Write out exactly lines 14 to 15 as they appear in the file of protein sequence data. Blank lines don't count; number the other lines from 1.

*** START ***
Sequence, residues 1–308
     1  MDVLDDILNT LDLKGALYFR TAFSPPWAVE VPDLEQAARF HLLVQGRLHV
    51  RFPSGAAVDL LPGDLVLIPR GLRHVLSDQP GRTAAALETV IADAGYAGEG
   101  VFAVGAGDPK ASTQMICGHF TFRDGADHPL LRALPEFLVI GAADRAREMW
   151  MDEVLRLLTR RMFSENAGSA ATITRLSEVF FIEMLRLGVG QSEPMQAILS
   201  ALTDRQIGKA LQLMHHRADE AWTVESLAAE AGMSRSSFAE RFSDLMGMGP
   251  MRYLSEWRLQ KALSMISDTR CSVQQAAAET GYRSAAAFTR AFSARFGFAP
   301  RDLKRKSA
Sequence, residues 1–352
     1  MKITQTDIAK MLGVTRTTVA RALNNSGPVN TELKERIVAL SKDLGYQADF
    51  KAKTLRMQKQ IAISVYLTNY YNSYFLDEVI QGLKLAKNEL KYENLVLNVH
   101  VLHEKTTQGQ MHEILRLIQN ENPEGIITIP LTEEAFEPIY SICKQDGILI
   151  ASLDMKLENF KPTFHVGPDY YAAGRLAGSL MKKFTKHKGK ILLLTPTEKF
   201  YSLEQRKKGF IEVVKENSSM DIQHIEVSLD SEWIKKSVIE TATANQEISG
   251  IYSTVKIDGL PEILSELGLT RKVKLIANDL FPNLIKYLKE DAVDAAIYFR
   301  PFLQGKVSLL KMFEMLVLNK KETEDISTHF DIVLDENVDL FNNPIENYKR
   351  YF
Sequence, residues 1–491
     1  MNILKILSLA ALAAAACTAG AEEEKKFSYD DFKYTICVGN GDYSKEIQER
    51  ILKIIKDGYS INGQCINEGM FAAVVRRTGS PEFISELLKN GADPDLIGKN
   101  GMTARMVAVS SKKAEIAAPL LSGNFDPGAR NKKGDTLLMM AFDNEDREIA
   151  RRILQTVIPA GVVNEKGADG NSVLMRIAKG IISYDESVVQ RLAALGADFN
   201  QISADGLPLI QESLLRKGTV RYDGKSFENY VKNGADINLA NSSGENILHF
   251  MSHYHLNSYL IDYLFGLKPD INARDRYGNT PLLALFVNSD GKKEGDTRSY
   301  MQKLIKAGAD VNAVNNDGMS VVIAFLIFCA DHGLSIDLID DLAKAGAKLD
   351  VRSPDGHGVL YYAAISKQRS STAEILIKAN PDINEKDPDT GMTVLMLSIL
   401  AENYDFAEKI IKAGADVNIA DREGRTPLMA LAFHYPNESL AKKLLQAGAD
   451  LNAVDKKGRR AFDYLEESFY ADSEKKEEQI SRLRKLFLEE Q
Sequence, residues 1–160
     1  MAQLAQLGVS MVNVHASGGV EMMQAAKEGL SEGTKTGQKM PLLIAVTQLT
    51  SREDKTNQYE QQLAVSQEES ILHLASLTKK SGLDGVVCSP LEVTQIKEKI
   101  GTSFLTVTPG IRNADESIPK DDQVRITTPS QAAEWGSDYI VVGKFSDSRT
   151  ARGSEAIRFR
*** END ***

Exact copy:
   201  YSLEQRKKGF IEVVKENSSM DIQHIEVSLD SEWIKKSVIE TATANQEISG
   251  IYSTVKIDGL PEILSELGLT RKVKLIANDL FPNLIKYLKE DAVDAAIYFR